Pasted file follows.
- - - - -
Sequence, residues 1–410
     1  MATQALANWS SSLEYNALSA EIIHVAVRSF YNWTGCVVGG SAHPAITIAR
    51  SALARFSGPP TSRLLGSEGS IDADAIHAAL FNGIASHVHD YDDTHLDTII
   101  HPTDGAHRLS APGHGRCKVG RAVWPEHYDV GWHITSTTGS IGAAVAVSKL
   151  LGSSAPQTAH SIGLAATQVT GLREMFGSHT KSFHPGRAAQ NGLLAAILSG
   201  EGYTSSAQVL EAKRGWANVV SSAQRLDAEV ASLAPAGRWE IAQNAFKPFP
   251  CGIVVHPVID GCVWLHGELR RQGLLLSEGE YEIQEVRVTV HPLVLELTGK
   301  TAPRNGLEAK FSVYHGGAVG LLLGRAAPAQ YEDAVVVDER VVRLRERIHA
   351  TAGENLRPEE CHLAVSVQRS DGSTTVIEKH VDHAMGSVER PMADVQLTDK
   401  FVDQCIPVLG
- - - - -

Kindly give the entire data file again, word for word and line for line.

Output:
Sequence, residues 1–410
     1  MATQALANWS SSLEYNALSA EIIHVAVRSF YNWTGCVVGG SAHPAITIAR
    51  SALARFSGPP TSRLLGSEGS IDADAIHAAL FNGIASHVHD YDDTHLDTII
   101  HPTDGAHRLS APGHGRCKVG RAVWPEHYDV GWHITSTTGS IGAAVAVSKL
   151  LGSSAPQTAH SIGLAATQVT GLREMFGSHT KSFHPGRAAQ NGLLAAILSG
   201  EGYTSSAQVL EAKRGWANVV SSAQRLDAEV ASLAPAGRWE IAQNAFKPFP
   251  CGIVVHPVID GCVWLHGELR RQGLLLSEGE YEIQEVRVTV HPLVLELTGK
   301  TAPRNGLEAK FSVYHGGAVG LLLGRAAPAQ YEDAVVVDER VVRLRERIHA
   351  TAGENLRPEE CHLAVSVQRS DGSTTVIEKH VDHAMGSVER PMADVQLTDK
   401  FVDQCIPVLG